Article Text

other Versions

PDF
Did Chile’s traffic law reform push police enforcement? Understanding Chile’s traffic fatalities and injuries reduction
  1. José Ignacio Nazif-Munoz1,
  2. Amélie Quesnel-Vallée2,
  3. Axel van den Berg1
  1. 1Department of Sociology, McGill University, Montreal, Canada
  2. 2IRIS Lab, Department of Epidemiology, Biostatistics and Occupational Health, Department of Sociology, McGill University, Montreal, Canada
  1. Correspondence to José Ignacio Nazif-Munoz, Room 328, Peterson Hall, 3460 McTavish Street, Montreal, Quebec, Canada H3A 0E6; Jose.nazifmunoz{at}mail.mcgill.ca

Abstract

Background The objective of the current study is to determine to what extent the reduction of Chile's traffic fatalities and injuries during 2000–2012 was related to the police traffic enforcement increment registered after the introduction of its 2005 traffic law reform.

Methods A unique dataset with assembled information from public institutions and analyses based on ordinary least square and robust random effects models was carried out. Dependent variables were traffic fatality and severe injury rates per population and vehicle fleet. Independent variables were: (1) presence of new national traffic law; (2) police officers per population; (3) number of traffic tickets per police officer; and (4) interaction effect of number of traffic tickets per police officer with traffic law reform. Oil prices, alcohol consumption, proportion of male population 15–24 years old, unemployment, road infrastructure investment, years' effects and regions' effects represented control variables.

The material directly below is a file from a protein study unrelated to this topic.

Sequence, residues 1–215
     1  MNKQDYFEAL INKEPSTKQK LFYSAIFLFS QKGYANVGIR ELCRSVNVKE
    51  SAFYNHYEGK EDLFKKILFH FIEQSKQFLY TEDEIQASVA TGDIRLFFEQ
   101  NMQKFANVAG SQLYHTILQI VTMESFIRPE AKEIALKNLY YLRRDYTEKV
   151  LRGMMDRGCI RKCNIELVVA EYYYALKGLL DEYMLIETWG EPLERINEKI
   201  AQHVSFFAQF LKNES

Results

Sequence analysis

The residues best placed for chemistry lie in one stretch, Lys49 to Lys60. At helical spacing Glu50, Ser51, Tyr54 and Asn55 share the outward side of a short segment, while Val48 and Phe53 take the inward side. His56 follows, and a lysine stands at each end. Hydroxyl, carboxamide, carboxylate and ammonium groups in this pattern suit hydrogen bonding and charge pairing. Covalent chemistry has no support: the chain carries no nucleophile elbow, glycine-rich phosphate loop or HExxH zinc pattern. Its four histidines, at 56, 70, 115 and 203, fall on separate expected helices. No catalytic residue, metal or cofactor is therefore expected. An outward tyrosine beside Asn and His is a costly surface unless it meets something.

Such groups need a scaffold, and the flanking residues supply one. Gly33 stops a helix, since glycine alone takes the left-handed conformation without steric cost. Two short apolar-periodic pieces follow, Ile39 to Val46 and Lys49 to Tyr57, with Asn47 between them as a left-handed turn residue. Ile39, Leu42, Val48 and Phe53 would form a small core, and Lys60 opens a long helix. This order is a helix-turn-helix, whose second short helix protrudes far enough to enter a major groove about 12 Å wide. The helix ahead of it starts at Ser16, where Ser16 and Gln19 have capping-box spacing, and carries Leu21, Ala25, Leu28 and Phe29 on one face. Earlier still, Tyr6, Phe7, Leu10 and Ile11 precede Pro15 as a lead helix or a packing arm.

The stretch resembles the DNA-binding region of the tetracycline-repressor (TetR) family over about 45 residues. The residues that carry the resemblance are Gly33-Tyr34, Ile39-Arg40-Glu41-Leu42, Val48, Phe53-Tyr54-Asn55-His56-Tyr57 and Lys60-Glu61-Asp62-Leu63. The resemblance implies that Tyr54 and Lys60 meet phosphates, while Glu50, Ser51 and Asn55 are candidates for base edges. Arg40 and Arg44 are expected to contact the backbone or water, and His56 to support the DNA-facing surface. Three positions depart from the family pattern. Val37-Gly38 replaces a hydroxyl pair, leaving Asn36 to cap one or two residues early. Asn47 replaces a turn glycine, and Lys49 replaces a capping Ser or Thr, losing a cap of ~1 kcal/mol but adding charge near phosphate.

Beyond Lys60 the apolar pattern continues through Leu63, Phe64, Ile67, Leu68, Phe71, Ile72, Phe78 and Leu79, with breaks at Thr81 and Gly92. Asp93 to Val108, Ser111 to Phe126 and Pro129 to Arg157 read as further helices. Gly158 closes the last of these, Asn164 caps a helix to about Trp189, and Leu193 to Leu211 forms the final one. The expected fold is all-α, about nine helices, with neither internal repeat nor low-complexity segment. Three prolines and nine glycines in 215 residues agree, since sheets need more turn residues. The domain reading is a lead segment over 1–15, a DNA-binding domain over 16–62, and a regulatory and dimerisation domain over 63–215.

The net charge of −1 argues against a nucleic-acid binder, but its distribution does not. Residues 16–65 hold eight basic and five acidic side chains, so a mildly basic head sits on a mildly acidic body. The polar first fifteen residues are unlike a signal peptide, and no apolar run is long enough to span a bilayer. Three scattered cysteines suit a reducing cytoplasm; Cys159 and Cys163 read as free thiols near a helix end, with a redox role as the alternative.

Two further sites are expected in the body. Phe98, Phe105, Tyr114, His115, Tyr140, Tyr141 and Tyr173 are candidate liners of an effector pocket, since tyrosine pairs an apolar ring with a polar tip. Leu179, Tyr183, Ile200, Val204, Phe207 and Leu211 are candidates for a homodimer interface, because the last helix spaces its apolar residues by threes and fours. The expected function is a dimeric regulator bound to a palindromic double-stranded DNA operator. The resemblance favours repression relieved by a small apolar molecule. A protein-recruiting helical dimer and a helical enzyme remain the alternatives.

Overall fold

Results Empirical estimates from instrumental variables suggest that the enactment of the traffic law reform in interaction with number of traffic tickets per police officer is significantly associated with a decrease of 8% in traffic fatalities and 7% in severe injuries. Piecewise regression model results for the 2007–2012 period suggest that police traffic enforcement reduced traffic fatalities by 59% and severe injuries by 37%.

Conclusions Findings suggest that traffic law reforms in order to have an effect on both traffic fatality and injury rates reduction require changes in police enforcement practices. Last, this case also illustrates how the diffusion of successful road safety practices globally promoted by WHO and World Bank can be an important influence for enhancing national road safety practices.

Statistics from Altmetric.com

Request permissions

If you wish to reuse any or all of this article please use the link below which will take you to the Copyright Clearance Center’s RightsLink service. You will be able to get a quick price and instant permission to reuse the content in many different ways.